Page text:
top of page
Ripple Effect2350.jpg

ripple effect

ripple effect is a dedicated space for site-specific art installations, located on the campus of Santa Fe Community College. Part laboratory, part public venue, part teaching tool, the space hosts a range of local and regional artists. Launched in spring 2018 by Cary Cluett with the support of SFCC and Meow Wolf, ripple effect provides a desperately needed platform for creative exchange in a learning community suffering from a loss of funding and a dearth of young students.


6401 Richards Ave., Room 723D

Santa Fe, NM 87508

ripple effect primarily serves the SFCC community but is open to the public. Access hours are Monday - Friday 7am - 10pm, Saturday 8am - 8pm, and Sunday 12pm - 5pm. There is no admission fee. 


Built inside of an disused sculpture studio ripple effect is a 10.5’ x 8.5’ x 6.5’ room which features a hardwood floor set at a diagonal, wood-backed walls, and recessed track lighting. It also features a weight-bearing metal ceiling with acoustical treatment, speakers and ventilation. Outside the room are three small niches behind safety glass that face the hallway; each approximately 20” x 16” x 17”. A defining element is the lack of a door, which has been intentionally removed; thus, the space is open to all with the stipulation that nothing harmful or of inherent value can be placed inside. Another distinctive feature is the room’s curved corners that have been constructed with a 5” radius to remove visual space definition.


Each installation runs on a 5-week cycle, allowing a few days for install and a few days for de-install on either side of a month-long exhibition. Each exhibition involves an opening reception, an artist talk, and the option to visit with SFCC students and faculty. Artists are scheduled through February 2019.

Proposals are now being accepting, prioritizing the work of installation and emerging artists.


Hills Snyder: Steam

ARTIST TALKS: Wednesday, November 9 at 11am and Saturday, November 12 at noon

OPENING RECEPTIONS: Wednesday, November 9 at noon and Saturday, November 12 from noon - 6pm *

Visitors to this interactive work are invited to don headphones and recline blindfolded for 74 minutes within an audio environment derived from sounds gathered in Amsterdam. The recordings were made while walking through the city, scanning the streets for lost bicycle parts. Several dozen of the found parts were used to create wooden cut-outs mounted prints of sky and passing clouds. These objects populate ripple effect and its adjacent spaces, which will also feature the audio for those not currently in the chair. The experience invites vulnerability, trust, relaxation, and drift into an alternate terrain.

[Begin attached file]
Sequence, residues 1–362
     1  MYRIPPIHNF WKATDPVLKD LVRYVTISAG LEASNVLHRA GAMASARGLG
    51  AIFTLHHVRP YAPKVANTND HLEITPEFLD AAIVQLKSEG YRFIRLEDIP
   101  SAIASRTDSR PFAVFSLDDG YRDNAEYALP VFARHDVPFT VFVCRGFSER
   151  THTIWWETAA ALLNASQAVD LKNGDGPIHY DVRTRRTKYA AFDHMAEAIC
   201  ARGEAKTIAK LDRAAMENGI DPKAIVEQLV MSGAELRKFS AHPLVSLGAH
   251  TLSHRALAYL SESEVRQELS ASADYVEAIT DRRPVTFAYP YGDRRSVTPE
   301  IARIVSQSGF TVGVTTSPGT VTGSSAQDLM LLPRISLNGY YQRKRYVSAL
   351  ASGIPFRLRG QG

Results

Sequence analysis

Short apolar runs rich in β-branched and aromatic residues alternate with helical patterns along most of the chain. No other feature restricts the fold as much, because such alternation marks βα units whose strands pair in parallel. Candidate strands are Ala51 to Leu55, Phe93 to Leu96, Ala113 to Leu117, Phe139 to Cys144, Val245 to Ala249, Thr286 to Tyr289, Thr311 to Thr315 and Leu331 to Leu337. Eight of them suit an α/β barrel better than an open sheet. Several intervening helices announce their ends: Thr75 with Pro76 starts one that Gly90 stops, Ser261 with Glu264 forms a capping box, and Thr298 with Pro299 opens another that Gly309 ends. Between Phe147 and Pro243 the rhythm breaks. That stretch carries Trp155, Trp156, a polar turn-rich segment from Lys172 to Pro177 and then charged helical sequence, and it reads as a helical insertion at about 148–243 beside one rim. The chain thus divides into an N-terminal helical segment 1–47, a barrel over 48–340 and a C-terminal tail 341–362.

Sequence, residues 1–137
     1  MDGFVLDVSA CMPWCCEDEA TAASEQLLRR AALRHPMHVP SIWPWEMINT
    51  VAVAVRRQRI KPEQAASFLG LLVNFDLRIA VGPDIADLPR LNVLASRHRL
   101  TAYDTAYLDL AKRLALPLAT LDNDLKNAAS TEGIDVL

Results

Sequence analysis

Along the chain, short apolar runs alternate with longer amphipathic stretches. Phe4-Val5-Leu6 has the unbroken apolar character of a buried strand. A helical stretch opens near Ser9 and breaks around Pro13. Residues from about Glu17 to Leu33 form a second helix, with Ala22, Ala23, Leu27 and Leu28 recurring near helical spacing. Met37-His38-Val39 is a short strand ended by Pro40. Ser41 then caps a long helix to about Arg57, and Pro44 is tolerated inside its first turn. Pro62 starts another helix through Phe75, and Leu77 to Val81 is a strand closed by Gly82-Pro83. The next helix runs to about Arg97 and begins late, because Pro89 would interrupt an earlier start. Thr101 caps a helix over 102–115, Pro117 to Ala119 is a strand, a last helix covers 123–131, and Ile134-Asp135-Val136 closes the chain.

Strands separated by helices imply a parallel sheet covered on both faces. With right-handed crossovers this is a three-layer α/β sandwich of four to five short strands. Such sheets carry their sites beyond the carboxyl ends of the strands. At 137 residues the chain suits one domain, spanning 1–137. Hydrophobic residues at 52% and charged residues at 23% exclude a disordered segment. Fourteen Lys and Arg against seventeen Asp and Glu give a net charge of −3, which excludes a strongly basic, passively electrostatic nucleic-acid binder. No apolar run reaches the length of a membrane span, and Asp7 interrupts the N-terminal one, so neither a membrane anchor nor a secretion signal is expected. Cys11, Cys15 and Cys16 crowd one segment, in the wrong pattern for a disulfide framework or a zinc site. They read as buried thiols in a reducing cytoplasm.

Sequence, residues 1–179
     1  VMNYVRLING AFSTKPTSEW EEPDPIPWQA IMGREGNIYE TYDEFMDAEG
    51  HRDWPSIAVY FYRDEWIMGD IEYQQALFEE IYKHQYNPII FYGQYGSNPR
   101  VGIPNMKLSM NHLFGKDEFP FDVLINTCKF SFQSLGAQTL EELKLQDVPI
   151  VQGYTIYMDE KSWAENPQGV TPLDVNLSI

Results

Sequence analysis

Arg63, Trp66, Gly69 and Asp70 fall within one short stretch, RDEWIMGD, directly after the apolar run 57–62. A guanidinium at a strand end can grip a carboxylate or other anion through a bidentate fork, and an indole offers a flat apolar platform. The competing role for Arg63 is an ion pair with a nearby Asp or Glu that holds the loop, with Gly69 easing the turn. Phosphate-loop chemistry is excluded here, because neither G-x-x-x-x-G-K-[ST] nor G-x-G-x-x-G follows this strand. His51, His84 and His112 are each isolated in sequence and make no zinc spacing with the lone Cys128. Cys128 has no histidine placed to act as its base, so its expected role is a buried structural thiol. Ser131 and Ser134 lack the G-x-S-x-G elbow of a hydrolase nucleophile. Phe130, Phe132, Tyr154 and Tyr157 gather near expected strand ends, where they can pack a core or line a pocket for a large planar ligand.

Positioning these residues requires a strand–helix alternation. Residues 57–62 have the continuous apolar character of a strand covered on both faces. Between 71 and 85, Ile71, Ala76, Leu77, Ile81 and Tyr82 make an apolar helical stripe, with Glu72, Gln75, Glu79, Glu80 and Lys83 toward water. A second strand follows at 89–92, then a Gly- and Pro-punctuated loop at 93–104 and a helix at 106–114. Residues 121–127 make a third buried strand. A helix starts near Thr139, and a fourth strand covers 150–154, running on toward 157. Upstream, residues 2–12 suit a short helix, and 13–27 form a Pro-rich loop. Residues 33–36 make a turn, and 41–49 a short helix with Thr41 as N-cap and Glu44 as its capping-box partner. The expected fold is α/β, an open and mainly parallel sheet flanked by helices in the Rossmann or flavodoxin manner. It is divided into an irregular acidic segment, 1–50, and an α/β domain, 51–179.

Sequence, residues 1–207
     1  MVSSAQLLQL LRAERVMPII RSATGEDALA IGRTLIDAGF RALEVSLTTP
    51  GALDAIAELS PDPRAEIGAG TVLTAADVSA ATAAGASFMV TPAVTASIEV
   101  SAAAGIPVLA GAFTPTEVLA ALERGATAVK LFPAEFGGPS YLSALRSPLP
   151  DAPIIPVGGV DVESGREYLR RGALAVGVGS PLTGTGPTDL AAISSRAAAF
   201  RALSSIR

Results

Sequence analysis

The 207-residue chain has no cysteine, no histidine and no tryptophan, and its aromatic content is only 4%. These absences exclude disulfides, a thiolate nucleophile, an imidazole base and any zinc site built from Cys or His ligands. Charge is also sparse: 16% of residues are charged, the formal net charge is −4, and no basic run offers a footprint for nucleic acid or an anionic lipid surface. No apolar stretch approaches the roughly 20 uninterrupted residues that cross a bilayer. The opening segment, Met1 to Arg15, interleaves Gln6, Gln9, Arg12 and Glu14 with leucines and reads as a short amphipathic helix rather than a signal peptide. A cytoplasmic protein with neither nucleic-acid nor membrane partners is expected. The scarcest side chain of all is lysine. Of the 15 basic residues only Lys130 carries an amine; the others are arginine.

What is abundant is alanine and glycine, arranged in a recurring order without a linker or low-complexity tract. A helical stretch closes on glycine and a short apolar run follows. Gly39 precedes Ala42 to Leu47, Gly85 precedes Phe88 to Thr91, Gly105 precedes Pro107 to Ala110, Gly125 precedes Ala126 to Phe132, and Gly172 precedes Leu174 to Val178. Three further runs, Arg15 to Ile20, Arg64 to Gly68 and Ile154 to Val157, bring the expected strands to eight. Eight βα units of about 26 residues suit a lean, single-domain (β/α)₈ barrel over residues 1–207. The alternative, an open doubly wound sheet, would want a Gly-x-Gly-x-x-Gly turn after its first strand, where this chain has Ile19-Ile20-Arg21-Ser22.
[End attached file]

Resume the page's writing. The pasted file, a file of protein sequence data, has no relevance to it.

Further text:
This project was made possible by an Artpace Travel Grant and a residency at Banff Centre for The Arts. The project has appeared in several different versions in Amsterdam, Miami, San Antonio, and San Marcos, Texas.

* 74-minute appointments will be available Wednesday, November 9 through Saturday, November 12 from noon to 6pm as well as Wednesday, November 16 and 30 from noon to 6pm. 


Hisa Ota: Awakening


Cary Cluett: Parthenogenesis

The first installation by ripple effect creator Cary Cluett explores the space as a receptacle for his latest bread crumbs in New Mexico. With a background in sculpture, he’s inspired by concept, content, and context. His approach to sculpture utilizes both environment and materials to engage the viewer. He says that “Materials have a nature that becomes part of the narrative; the materials need to support the concept.” Incorporating materials as diverse as zip-ties, forged steel, push pins and found objects his minimalist wall constructions playfully evoke linear poems through the use of light and shadow.

As the title suggests, this installation plays with the idea of reproduction without fertilization, especially as it relates to a normal process in some invertebrates and lower plants, as this relates to the materials and their use.


Shirley Klinghoffer: Choice

Gently swaying twisted wire hangers cast sinister shadows…ghosts from the past…while a giant gavel with far-reaching roots, sits on a pedestal readied for viewers to show their rage against the face of injustice.

“It is with profound sadness that I have to revisit work which I did decades ago. But revisit I must! The subject of Choice is a very personal concern as I have experienced what happened to my friends who were blocked from legally choosing their own destiny before Roe v. Wade was passed by a US Supreme Court decision.” Says artist Shirley Klinghoffer.


Jessica Bryce Holland: Estuary Reliquary